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Cycling pads get cushier and greener

Pad makers are packing yet more technology into their products to cushion your rides, while upgrading their operations to become more sustainable.

Such investments have intensified at Dolomiti Pads [Hall 9.2/G59], a specialist from Italy. It works with carving technology, which allows it to precisely map the density of its pads with up to five layers of foam. They have become even more comfy with the integration of patented hydrophobic foam.

“The foam doesn’t absorb moisture, so it doesn’t collapse, and the pad remains fresh,” said Martino Bontorin, chief executive at Dolomiti Pads.

The Pave from Dolomiti Pads

The supplier has again upgraded the technology with a hydrophobic foam that can withstand pressure of 20 kilopascal. This high-density and resilient foam is particularly suitable for gravel biking because it helps to reduce vibration during the ride, said Bontorin. 

Dolomiti’s hydrophobic foam is used for the Aria pad, while the high-density and anti-vibration pad is the Pave. Both are launching at Eurobike this year, in conjunction with more ergonomic shapes.

With demand for its technical pads soaring in the last years, Dolomiti has enlarged its annual capacity to 2.5 million pads. It uses more automation, which makes it easier to control production, and Bontorin also pointed to “huge improvements” in sustainability.

The brand’s carving technology enables it to do away with plastic-based thermo-adhesives. A recycling company regularly drops by to pick up trash left over from cutting foam layers, to be reused for mattresses, pillows or boxing bags.

Bontorin added that Dolomiti uses recycled bags to pack products, its pads integrate more recycled fabrics, and it has also installed solar panels on the roof of its production facility in San Zenone degli Ezzelini, near Treviso.

Sustainability is on the agenda at Dual Press [Hall 9.2/D17] as well. The company behind Dr Pad works with water-based color printing, yarns made from recycled polyester and castor oil, and bio-based fabrics. The Italian supplier adds that it recycles foam scraps discarded in production. They are tightly packed, compressed and picked up by recycling firms. 

This pad from Dual Press targets bikepackers

Among Dr Pad’s latest pads is the Touring Trekker, which is made for bikepacking. It’s a compact product to be inserted in cycling shorts for a more comfortable ride, but the same shorts could be used for a stroll in the city or other activities. The pad uses a highly elastic foam to support longer rides, and the back is made of perforated recycled fabric to make it more breathable.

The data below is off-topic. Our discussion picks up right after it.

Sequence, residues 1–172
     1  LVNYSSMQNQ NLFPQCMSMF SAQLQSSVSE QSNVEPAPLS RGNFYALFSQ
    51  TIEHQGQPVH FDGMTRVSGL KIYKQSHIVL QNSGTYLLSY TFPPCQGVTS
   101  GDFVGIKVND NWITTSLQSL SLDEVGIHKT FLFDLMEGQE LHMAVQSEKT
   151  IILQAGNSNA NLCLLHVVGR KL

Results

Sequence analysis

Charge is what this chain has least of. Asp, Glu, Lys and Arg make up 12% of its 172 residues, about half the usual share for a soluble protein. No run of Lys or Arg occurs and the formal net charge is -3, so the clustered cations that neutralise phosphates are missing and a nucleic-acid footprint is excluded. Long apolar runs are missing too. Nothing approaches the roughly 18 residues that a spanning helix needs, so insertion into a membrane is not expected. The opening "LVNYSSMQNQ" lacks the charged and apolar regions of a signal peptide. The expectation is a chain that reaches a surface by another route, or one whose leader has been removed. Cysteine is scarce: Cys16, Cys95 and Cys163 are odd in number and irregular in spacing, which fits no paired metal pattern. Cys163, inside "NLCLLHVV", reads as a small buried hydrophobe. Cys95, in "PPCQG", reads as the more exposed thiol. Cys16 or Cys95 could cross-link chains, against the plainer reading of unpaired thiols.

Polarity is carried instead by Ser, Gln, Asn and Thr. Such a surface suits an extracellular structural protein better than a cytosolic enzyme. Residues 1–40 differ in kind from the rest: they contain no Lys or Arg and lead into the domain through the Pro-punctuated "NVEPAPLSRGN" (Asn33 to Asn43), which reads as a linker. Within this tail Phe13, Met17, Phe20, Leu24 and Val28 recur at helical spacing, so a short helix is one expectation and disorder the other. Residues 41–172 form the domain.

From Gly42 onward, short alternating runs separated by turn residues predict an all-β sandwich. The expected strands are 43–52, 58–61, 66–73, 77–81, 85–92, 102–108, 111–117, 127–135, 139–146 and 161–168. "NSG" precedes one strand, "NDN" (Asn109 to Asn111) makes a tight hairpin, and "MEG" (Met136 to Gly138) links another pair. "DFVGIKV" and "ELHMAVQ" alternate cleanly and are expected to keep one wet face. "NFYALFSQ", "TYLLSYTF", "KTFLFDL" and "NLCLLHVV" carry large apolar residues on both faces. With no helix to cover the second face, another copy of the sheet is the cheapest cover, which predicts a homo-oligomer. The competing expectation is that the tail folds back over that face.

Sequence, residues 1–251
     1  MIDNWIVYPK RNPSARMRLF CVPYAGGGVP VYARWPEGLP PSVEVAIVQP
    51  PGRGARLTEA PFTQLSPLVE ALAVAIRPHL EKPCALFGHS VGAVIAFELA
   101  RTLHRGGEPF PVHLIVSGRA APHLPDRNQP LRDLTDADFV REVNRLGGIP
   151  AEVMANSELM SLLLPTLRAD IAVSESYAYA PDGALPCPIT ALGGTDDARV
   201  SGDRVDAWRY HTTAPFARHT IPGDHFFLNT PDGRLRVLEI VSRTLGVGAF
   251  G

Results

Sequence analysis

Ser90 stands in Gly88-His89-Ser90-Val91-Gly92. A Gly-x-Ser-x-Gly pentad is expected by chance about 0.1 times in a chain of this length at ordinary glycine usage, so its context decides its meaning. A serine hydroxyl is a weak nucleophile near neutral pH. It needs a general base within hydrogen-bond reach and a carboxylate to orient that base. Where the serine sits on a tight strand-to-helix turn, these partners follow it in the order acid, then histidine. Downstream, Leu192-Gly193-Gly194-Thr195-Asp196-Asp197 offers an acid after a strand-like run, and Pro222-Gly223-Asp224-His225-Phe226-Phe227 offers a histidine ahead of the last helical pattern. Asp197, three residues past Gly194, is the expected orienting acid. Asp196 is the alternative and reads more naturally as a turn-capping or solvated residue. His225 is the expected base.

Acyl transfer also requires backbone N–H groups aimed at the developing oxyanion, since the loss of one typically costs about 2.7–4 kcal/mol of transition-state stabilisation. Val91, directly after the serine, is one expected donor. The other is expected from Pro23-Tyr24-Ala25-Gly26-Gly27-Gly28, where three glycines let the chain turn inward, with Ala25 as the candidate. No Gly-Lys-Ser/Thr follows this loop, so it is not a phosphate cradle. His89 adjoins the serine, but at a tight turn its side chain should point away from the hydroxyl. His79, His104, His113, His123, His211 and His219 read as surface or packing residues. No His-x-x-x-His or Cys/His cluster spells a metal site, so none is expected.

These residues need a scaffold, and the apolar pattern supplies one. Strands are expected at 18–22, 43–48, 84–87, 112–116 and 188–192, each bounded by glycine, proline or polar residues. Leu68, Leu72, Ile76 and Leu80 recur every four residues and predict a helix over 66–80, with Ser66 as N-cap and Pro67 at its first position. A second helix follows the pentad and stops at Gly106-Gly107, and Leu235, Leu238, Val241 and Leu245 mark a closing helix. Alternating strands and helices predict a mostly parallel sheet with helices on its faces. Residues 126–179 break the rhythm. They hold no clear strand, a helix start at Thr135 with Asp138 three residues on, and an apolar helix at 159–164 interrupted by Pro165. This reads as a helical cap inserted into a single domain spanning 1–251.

Teo Sport [Hall 9.2/G63] has implemented the ReUp project, to make pads that reuse scraps left over from cutting fabric. The company explains that standard pad production involves cutting of fabric to specific shapes, which creates fabric waste. But it has found ways to turn the discarded foam into a material that can be used to make more eco-friendly cycling pads.

Teo Sport reuses foam scraps to make pads

The ReUp process transforms the waste into new support inserts. They are then reshaped and applied to seat pad bases made from recycled fabrics. Teo Sport’s initial estimate is that this process will reduce its production waste by 90%.

Teo Sport’s latest performance pad is the Armadillo Floating, which combines several technologies for road and gravel pads. A standalone insert is affixed to the soft base of the pad with special seams in just three points, meaning there’s no glue between the base and the foam.

Teo Sport said the structure increases breathability and ventilation, and it ensures faster drying. The surface in contact with the skin remains flat but anatomical, due to the shaping of lateral flaps.

Another project by Teo Sport is a partnership with Wilma, a French women’s cycling apparel maker, to create a menstrual pad. Their Bloody Queen prevents chafing, it ensures quick drying and is able to absorb the equivalent of two pads without leaving humidity or stains on cycling pants. The pad provides protection for menstruating riders for up to six hours. 

Like other women’s pads created by Teo Sport, the Bloody Queen is designed to reduce pressure when the rider’s weight shifts forward on the bike saddle. Teo Sport said it has permission to produce the Bloody Queen pad for other brands.

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